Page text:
This was taken from the yashy-hack mailing list:

> > > 
> That's pretty sweet.  That would be perfect for my home brew. :)
> What's a setup like that run ya?  I'm thinking more on the lines of 2 x
> 20l. kegs because I make 20l. batches and usually run one stoute and one
> nut brown ale at the same time.  Change stoute to an India Pale Ale for 
> summer beer.  mmm...  Maybe I can find a pub doing renos. :)

This is how it worked out for me. I will post this to the above URL as well.

I saw a fridge for sale, so I contacted the owner to enquire about inside dimensions. I had always wanted to do a keg fridge project, the opportunity just never came. It turns out the seller (Alan McKay of ) is a local brewmaster. He offered to give me the fridge for free, and would only charge me $20 for delivery (he lived out of town at the time). How could I say no? Thus the project began.

Alan also runs a local brewers mailing list, where I found a CO2 tank, regulator, pepsi keg and some tubing all for $100. I talked the fellow down to $80 and he even delivered it.

I then called "The Draft Shoppe" which is a local outfit that supplies parts to locals pubs. I had them come and install two brand new chrome taps ($90/each, could have got used for 1/2 the price) and the sankey keg punch ($60), and he drilled the holes for the taps, supplied and attached all the required tubing. I told them what I was doing, so I had them split the tubing into a Y, where one goes to the sankey, and the other goes to the pepsi keg input. The hardware and work cost me approx $300.

I had a handyman friend (Sab) friend come over with some scrap plywood, and we built a new floor inside the fridge. We did this for two reasons. The current floor had angles, as to fit a tray. This would mean I could fit less on the inside floor unless the entire bottom was even. It was also 3/4" thick in order to hold the weight of a full beer store (sankey) keg, a full pepsi (corny) keg, and the CO2 tank. The cost was nothing as we just used scraps, this was simply labour.

After that, it is was pretty much ready to go, all I needed was handles for the taps, and some beer in the kegs. After explaining my project over a couple beers at a local pub, the bartender gave me a couple unused handles for free.

I bought a keg from the beer store, and started a home brew (pilsner) with the help of Alan. After some light tinkering with my CO2 regulator I have discovered that 11p.s.i is perfect for my setup. It was a success!

Since then I have made a few adjustments. For my birthday this year I had a friend (Sab) give me a home built drip tray. I guess the yellow plastic bowl on the floor was a bit tacky. He built it with wood, and the drip tray portion is actually made from a floor air-vent cover with a perfectly fitting pencil tray underneath. The wood portion was exactly as wide as the fridge. This allows for two full draft glasses on each side when pouring. It looked really tacky though, so out came the spray paint. I bought 3 cans ($15) which was enough. I painted the entire fridge and drip tray a dark green. I also painted the keg shelf inside a dark green, just for some continuity. As I didn't properly cover everything, I also painted several hundred dollars worth of computer equipment as the paint flecks drifted throughout the not properly ventilated room.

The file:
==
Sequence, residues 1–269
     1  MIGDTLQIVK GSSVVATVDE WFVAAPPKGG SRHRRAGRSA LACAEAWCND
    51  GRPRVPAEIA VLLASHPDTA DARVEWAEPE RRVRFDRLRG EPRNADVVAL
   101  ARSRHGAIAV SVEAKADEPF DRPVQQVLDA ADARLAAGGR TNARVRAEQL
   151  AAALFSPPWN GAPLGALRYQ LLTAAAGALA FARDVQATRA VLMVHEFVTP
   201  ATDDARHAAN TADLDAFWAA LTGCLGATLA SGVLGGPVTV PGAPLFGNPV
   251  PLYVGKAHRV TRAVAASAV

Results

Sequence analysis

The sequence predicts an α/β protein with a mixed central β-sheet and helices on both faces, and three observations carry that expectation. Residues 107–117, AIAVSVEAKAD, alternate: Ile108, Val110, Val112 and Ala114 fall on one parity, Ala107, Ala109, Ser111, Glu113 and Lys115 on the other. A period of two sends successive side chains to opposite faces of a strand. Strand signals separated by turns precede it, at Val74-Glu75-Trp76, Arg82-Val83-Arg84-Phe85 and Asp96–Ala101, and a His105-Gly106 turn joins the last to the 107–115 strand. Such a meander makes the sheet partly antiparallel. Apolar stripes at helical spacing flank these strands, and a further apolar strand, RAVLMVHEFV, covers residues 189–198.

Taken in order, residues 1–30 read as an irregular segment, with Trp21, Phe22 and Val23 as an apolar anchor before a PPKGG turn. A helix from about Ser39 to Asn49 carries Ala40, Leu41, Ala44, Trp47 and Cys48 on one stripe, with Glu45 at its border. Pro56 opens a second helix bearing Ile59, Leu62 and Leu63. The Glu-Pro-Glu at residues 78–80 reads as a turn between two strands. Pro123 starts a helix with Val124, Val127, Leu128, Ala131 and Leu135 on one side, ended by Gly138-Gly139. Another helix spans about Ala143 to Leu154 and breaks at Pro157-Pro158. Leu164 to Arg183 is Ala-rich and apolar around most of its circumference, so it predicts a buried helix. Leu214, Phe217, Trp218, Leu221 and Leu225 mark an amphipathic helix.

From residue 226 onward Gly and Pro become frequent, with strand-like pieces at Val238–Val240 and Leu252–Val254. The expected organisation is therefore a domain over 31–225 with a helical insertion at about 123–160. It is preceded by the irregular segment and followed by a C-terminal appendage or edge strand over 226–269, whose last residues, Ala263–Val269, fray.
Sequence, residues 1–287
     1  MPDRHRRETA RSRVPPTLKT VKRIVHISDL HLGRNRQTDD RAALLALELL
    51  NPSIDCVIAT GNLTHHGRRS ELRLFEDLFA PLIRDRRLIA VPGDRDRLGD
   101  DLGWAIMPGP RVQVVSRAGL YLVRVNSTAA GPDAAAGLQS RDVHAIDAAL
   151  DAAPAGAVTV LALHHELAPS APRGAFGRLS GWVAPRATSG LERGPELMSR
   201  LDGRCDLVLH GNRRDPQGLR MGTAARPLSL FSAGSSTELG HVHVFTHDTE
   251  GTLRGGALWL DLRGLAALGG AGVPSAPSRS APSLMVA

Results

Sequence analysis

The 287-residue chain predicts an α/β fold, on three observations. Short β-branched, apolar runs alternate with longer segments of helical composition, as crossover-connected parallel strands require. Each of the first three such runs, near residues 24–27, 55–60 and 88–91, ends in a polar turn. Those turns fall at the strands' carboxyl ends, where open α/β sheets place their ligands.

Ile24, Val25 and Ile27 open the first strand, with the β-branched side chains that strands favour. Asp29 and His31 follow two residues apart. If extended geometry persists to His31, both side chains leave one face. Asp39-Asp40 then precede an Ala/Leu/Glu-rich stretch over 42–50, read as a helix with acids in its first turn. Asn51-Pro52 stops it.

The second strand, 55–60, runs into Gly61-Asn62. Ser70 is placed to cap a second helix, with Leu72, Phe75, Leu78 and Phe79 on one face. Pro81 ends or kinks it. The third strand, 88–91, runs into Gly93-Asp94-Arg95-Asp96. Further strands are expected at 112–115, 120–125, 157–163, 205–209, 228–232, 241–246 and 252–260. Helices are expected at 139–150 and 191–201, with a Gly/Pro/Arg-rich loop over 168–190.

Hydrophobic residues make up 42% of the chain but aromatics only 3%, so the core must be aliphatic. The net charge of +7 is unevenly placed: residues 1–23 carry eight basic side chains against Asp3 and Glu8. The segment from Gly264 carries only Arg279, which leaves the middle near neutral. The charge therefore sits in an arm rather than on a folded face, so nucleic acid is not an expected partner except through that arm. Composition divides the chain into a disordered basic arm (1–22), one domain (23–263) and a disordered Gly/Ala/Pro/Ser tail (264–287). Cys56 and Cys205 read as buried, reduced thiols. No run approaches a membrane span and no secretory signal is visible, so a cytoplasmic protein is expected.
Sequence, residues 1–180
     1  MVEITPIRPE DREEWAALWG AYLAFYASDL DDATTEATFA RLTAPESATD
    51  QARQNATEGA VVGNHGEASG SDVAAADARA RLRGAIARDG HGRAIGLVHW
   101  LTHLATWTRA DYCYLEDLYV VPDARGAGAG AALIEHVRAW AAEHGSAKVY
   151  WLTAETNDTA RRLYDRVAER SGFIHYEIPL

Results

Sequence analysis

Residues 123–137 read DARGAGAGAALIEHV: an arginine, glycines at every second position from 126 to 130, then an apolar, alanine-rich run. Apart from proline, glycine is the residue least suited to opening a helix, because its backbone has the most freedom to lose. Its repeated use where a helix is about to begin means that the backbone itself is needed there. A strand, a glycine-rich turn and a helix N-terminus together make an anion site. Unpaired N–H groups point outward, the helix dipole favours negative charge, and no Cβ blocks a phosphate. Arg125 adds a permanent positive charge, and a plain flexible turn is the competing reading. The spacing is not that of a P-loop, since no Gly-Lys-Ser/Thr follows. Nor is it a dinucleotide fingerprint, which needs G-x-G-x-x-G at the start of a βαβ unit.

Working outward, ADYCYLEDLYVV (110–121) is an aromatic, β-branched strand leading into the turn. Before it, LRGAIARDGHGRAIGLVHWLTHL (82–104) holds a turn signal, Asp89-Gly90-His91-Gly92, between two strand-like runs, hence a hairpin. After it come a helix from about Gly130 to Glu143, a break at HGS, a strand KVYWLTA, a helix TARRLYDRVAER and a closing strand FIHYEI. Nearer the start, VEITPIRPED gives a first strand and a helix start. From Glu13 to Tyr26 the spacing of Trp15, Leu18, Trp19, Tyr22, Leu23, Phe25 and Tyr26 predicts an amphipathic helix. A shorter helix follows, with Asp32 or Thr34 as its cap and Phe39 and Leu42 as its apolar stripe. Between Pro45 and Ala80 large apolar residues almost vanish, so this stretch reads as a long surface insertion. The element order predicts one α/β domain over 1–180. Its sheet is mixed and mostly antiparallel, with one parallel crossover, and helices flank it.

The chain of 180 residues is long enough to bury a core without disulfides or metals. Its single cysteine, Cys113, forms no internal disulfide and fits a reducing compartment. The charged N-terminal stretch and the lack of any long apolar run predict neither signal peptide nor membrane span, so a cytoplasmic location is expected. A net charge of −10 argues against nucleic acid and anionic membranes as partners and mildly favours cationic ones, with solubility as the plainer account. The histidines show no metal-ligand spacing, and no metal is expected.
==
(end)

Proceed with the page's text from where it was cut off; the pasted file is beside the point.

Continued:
At another local pub I was explaining my setup to a couple reps from Olands brewery who were advertising Hoegaarden. They loved my story so much they gave me two brand new Alexander Keiths handles, and a Keit's towel to cover my drip tray when not in use. This was perfect, as that is the beer I drink from the beer store kegs.

I sent the link with a few pictures to an address at in hopes of scoring some free loot (nice sticker for the front or something). It appears it got passed around the office, as I had a rush of * hits in the following days. They sent me an email to contact my local rep and explain the situation to him. He told me I could buy merchandise.

I picked up a backlit LCD car thermometer which I've attached to the face of the fridge as well. This tells me the temperature inside (0.4oC usually) and outside(18oC) the fridge.

For the future:

My next big addition, I'd like a way to be able to tell how much beer is left in each keg. A beer odometer if you will. I welcome all suggestions. I am willing to drill another hole through the fridge so the odomoter is on the outside. I now I have a touchscreen PC with 4 serial ports I could mount in the freezer door! So a serial port (rs232) solution looks the most promising.

Ideas thus far:

A weighscale underneath. The difference between full and empty could be used to calculate beer poured. Issue: Scale that fits a keg, can handle the constant weight, and is afforable.

A flow control meter. The best idea so far, just have to find an afforable one. Cheapest so far is $295USD.

I'd like a large sticker, or airbrush or something. It's rather plain. I'd also like some large stainless steel fridge handles. I see many that are perfect for the freezer on top, but none for the fridge yet, and I'd prefer matching, I think.

A beer fridge UPS. I'm not sure how much power this archaic fridge draws, but with the current status of hydro here in Ontario, Canada, I can see power outages in the near future. A natural energy solution would be ideal.

Keg Fridge Pictures

Cost breakdown (all priced in Canadian dollars):
Fridge with delivery: $20
Pepsi Keg, CO2, regulator, and misc tubing: $80
taps, tubing, sankey keg punch and installation: $300
Spray paint: $15
TOTAL: $415
Other ongoing costs:
Fill CO2 tank. (I've only had to do once in 2 years). n/a
Beer Store kegs locally:
Large sankey = ~7.5 cases of beer
Small sankey = ~2.5 cases of beer
Regardless, it works out to $1/beer.
Large - $230 ($50 deposit)
Small - $85 ($25 deposit)
Homebrew kits: $25
Electricity: n/a